Guojing

Well-known member
Jan 12, 2019
1,677
315
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#5
Yes compared to Jesus and compared to the apostles miracles and healing is no where near the same level of frequency however to say they have ceased is simply incorrect. People don't see it very often these days and thus they tend to not believe in it but this defies the content of faith itself we don't believe in it because we see it or experience it we believe in it because we believe in him.
I agree with you. Like I said, the word sozo used includes good health so I don't believe Paul is telling us that miracles of healings have ceased.

I just wonder whether is it necessarily contradictory to believe in dispensations and yet hold steadfast to the healing signs for the church today.
 

Locutus

Senior Member
Feb 10, 2017
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#6
Which flavour of dispenstationalism?
 

Churinga

Active member
Nov 12, 2018
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#7
Not only do many churches today show a distinct lack of the more miraculous gifts of the spirit but, many of those that do, have vastly exaggerated these gifts. As has been shown there is little or no question that while healings and prophecy do happen today, there are no bona fide "faith healers", nor miracle workers. God no longer grants any individuals the ability to perform miracles at will, and no one fills the office of a prophet. The modern world has seen not miracles that even remotely resemble the miracles of the Old Testament, nor the 'sign gifts' of the first century.
But, sadly, neither side seems to come to the table untainted by preconceived ideas and denominational bias..
Much of the charismatic movement is anti-intellectual, with people literally being told not to think or study, but to simply feel and experience. They believe that God supernaturally guides them through their lives and that the only part of His Word that they actually need is the occasional verse with scant regard paid to whether the verse is in context or no Using any level of discernment, or even comparing what is being said and taught with the Scriptures is seen as 'quenching the Holy Spirit' and 'putting God in a box'. They have completely forgotten that the gifts of the Spirit are to build up and encourage the church, not to provide any one person with ecstatic experiences, benefit them financially, or prove they are more spiritual than any one else.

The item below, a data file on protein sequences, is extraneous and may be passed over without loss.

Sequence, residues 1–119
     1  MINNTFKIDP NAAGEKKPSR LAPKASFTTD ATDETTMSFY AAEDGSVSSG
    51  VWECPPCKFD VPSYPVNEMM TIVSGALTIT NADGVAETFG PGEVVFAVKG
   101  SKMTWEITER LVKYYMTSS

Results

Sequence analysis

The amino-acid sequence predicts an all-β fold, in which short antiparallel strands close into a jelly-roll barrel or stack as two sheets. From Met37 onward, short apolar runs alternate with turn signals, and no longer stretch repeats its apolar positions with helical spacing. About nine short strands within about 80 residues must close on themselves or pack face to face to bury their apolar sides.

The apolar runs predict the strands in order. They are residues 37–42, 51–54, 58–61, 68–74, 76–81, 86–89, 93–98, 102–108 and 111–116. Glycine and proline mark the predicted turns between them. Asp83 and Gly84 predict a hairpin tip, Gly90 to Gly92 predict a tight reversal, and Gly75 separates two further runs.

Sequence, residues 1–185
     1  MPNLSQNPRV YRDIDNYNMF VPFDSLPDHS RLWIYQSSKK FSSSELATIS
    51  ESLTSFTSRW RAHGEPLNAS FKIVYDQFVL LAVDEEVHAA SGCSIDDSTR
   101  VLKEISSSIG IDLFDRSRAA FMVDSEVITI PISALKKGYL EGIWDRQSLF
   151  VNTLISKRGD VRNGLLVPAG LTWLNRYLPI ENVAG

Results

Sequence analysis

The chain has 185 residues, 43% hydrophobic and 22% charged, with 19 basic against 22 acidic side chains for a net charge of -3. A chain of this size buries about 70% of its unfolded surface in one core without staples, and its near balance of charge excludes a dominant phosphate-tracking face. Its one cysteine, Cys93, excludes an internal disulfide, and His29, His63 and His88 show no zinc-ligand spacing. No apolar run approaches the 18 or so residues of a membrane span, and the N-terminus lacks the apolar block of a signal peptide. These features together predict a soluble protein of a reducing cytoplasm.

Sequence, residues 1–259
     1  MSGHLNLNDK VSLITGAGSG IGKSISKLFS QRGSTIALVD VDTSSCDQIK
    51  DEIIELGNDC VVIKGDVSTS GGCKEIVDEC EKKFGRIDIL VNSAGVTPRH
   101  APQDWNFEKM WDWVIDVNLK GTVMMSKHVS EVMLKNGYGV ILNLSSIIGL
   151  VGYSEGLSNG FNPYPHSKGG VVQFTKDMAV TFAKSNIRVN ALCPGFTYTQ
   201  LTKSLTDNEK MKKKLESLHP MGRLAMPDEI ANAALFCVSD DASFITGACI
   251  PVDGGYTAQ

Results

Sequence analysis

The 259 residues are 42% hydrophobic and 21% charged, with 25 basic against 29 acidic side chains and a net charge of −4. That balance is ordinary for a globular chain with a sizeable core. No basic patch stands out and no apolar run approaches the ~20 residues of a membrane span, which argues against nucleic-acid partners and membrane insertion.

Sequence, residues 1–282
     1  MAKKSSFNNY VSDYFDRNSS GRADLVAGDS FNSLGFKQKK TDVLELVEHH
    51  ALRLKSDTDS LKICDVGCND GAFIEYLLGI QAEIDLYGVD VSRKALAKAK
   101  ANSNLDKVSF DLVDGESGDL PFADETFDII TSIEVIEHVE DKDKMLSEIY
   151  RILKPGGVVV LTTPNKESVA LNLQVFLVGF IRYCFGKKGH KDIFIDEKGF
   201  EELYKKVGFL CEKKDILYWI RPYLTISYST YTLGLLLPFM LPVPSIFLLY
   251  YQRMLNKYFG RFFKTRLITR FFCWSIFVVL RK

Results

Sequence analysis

On the other hand, let us not attempt to replace the fluff that all too commonly emanates from modern pulpits with doctrine that, equally, finds no place in the Scriptures..
Although it is true that charismatics often give a higher priority to experience over knowledge, orthodox Christians have all too often done exactly the opposite in giving a higher priority to knowledge over relationship. One is reminded of Jesus' words to the scribes and Pharisees, when He told them that they enter not into the kingdom of Heaven themselves and neither allow anyone else to enter. [Matthew 23:13]. Like the Sadducees of old, they know not the Scriptures, nor the power of God (Matthew 22:29).
A God who works only through the structures set in place by the early church and no longer directly intervenes in our affairs, is a far cry from the Biblical image of a living God, who not only upholds the world day by day through his sovereign power, but who also listens to the prayers of his people, and works all things for the good of those who love him (Romans 8:28). With the establishment of the early church, God the Father and God the Son did not go into temporary retirement, waiting for the time for the Son to come back to earth.
It is a secularized version of Christianity which merely give lip-service to God's providence. As said by Daniel B. Wallace
Exegesis and apologetics are not the sum of the Christian life. Evidence alone cannot bridge the gap between us and God. [11]
The truth lies in between the two camps. There is a middle ground between
"expecting daily revelations on the one hand, and basing decisions solely on logic and common sense on the other". [11]
We are not 'thinking machines' but people created with emotions and feelings who cannot always (or even very often) separate our heads from our hearts. The facts alone can not satisfy the longings of the human psyche, and it sometimes takes more than the
written word to handle a crisis or despair. On the other hand, emotions alone can be very deceptive and can not be allowed to control what we believe.
Emotion is neither to be avoided nor feared provided it is coupled with a good dose of head knowledge.
If we wish to continue safely on the narrow path and use to the fullest whatever gifts God chooses to give us, we have to compare what is being taught and practiced in many many churches to day (on both sides of the debate) with the evidence of the Scriptures...
But, that is what is so tragically missing. inplainsite.org
 
Jan 19, 2019
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Anacortes, WA
#8
Short answer:
No

Extended answer:
I understand that there are different "flavors of Dispensationalism" as @Locutus stated.